After last week’s decision in Department of Commerce v. New York, in which the Supreme Court blocked the Trump administration’s plan to add a citizenship question to the 2020 census, the government announced yesterday that it is printing the census forms without the question. Amy Howe has this blog’s coverage, which first appeared at Howe on the Court. Jess Bravin and Janet Ademy report for The Wall Street Journal that “[t]he decision to stop pursuing the citizenship question was made just hours before it became public.” For The New York Times, Michael Wines describes the decision as “a victory for critics who said the question was part of an administration effort to skew the census results in favor of Republicans,” and “a remarkable retreat for an administration that typically digs into such fights.”
At CNN, Joan Biskupic writes that Chief Justice John Roberts’ opinion blocking the citizenship question “echoed his surprise affirmation of the Affordable Care Act in 2012”; she suggests “that the 5-4 census case and other moves in the recently completed session demonstrated Roberts’ new variability in fraught cases.” At FiveThirtyEight, Amelia Thomson-DeVeaux explains that, “[b]ased on how they have ruled this year, there are now three justices who could reasonably be seen as ‘swing’ votes of one kind or another: Roberts, Kavanaugh and Gorsuch,” concluding that “the lack of a single ‘swing’ justice may have created new opportunities for the court’s liberal minority to forge alliances with the conservatives.” The editorial board of the Los Angeles Times assesses “whether [the justices] safeguarded the court’s independence from partisan politics, as well as the perception of its independence” this term, and gives the court “a passing grade.”
At Take Care, Danny Wilf-Townsend weighs in on last week’s decision in Rucho v. Common Cause, in which the court held that partisan-gerrymandering challenges to electoral maps are political questions that are not reviewable in court, arguing that, “[t]o adapt the Chief Justice’s famous metaphor, Rucho is like an umpire who, saying the strike zone cannot be administered fairly, decides to let whichever team is winning call the balls and strikes.” Additional commentary comes from LeRoy Goldman at his eponymous blog.
At his eponymous blog, William Goren unpacks the various opinions in Kisor v. Wilkie, in which the court reaffirmed, but narrowed, precedent holding that courts should defer to an administrative agency’s reasonable interpretation of its own genuinely ambiguous regulations. At Covington’s Inside Energy & Environment blog, Thomas Brugato and Brandon Rattiner explain that the decision “will have significant ramifications for the Environmental Protection Agency … and environmental law.” In an op-ed for the Washington Examiner, Ashley Baker calls Kisor “an important step toward reining in the largely unaccountable and ever-expanding administrative state.”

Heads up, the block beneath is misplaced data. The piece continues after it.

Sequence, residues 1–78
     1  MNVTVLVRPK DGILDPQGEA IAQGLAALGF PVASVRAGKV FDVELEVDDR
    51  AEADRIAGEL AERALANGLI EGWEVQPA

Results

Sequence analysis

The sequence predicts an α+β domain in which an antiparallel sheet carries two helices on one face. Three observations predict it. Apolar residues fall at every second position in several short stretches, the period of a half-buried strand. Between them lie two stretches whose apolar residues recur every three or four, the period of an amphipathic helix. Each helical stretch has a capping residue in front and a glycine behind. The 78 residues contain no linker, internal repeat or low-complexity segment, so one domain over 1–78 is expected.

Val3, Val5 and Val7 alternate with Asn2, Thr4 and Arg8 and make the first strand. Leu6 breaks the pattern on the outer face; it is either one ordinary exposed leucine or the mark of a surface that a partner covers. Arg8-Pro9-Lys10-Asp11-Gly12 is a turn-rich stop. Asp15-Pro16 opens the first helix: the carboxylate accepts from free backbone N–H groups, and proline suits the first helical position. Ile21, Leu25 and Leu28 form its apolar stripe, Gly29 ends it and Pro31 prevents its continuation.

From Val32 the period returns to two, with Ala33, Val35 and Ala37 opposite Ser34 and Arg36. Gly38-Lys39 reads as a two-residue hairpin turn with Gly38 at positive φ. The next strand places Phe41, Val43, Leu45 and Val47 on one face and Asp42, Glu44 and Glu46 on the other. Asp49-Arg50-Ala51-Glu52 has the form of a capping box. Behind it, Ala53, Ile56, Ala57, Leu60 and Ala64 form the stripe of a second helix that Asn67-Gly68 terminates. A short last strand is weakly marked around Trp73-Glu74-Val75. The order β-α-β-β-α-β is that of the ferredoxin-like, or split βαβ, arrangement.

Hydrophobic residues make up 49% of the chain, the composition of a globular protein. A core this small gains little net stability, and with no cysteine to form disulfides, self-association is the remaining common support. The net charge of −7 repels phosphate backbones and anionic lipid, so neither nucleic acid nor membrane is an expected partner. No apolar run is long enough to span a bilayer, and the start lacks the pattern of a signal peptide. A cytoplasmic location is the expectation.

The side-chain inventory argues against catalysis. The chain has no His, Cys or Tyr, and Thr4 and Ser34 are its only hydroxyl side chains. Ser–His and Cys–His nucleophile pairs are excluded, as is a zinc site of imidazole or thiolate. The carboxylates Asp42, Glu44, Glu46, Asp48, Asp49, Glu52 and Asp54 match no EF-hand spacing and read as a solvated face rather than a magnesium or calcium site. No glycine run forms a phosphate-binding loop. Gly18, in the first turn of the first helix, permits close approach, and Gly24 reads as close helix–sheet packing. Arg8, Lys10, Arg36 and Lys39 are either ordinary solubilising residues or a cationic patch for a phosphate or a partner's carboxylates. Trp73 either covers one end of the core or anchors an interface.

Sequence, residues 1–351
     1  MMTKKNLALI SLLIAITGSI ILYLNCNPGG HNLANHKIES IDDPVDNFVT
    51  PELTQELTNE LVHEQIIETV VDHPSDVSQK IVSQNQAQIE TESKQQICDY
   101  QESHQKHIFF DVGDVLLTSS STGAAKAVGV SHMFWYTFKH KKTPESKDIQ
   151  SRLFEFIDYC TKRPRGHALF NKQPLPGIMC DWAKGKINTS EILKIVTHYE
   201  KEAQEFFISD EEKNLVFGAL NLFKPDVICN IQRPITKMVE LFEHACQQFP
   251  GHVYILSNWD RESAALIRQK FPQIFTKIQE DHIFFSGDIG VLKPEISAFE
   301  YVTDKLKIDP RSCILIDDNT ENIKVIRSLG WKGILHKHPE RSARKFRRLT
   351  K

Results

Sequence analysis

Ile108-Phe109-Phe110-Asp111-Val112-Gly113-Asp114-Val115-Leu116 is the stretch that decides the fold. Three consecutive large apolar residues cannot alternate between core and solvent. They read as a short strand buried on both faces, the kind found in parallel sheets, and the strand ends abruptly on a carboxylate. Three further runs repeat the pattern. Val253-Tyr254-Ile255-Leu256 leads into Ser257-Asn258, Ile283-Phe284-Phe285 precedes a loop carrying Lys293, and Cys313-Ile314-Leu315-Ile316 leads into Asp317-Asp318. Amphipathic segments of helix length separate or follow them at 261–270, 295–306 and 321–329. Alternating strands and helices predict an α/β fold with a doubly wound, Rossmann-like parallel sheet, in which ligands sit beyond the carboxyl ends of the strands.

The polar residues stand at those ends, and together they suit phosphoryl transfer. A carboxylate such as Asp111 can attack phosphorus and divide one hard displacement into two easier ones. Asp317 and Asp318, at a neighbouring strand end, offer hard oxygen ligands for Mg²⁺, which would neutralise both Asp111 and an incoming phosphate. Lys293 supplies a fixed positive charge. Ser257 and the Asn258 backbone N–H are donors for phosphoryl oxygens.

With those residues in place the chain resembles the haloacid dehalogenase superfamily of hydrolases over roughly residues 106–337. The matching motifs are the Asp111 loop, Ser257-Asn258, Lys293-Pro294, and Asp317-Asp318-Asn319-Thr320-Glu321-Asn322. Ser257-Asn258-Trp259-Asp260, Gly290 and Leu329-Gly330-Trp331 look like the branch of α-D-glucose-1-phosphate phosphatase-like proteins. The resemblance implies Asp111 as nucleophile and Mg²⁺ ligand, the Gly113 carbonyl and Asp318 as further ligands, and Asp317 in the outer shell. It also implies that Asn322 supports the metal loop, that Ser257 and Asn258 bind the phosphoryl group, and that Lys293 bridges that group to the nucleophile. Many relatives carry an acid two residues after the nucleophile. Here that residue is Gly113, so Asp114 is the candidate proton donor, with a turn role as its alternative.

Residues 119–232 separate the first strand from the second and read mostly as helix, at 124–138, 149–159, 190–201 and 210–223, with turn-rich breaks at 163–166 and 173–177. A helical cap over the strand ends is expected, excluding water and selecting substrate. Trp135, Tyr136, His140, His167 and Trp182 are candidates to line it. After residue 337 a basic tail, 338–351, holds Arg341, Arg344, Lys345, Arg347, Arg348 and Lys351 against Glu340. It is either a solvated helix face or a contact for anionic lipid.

- For The National Law Journal (subscription may be required), Tony Mauro reports that a “brief set to be filed Wednesday in the U.S. Supreme Court on behalf of 206 corporations asserts that ending discrimination against LGBTQ workers is ‘good for business, employees, and the U.S. economy.’”
- At E&E News, Ellen Gilmer notes that “[e]nvironmental implications lurked below the surface of a slew of Supreme Court disputes this term, making it one of the most consequential in years for court watchers tracking those issues.”
- At the Yale Journal on Regulation’s Notice & Comment blog, Bernard Bell offers the first of two posts discussing the Supreme Court’s decision in Food Marketing Institute v. Argus Leader Media, “which upended over fifty years of doctrine defining the scope of FOIA Exemption 4, and explor[ing] five implications of the Court’s decision.”
- At The George Washington Law Review’s On the Docket blog, Alan Morrison looks at Tennessee Wine & Spirits Retailers Association v. Thomas, in which the court held that the commerce clause of the Constitution implicitly bars states from imposing residency requirement for liquor licenses, suggesting that “[p]erhaps when the next round of cases comes before the Court, the challenger will move the Privileges and Immunities argument from an afterthought to a position front and center.”
- At The NCSL Blog, Lisa Soronen calls Kelly v. United States, next term’s case stemming from the “Bridgegate” controversy in New Jersey that asks whether a public official defrauds the government of its property when she provides a public-policy reason for an official decision that is not her actual reason, “a conflux of fascinating law and facts.”
- In another post at The NCSL Blog, Soronen writes that another new grant, Espinoza v. Montana Department of Revenue, “raises an issue the U.S. Supreme Court has long wrestled with: If a state-aid program violates a state constitutional prohibition against mixing church and state because religious institutions may participate, does discontinuing that program violate the federal constitution’s free exercise or equal protection clauses?”
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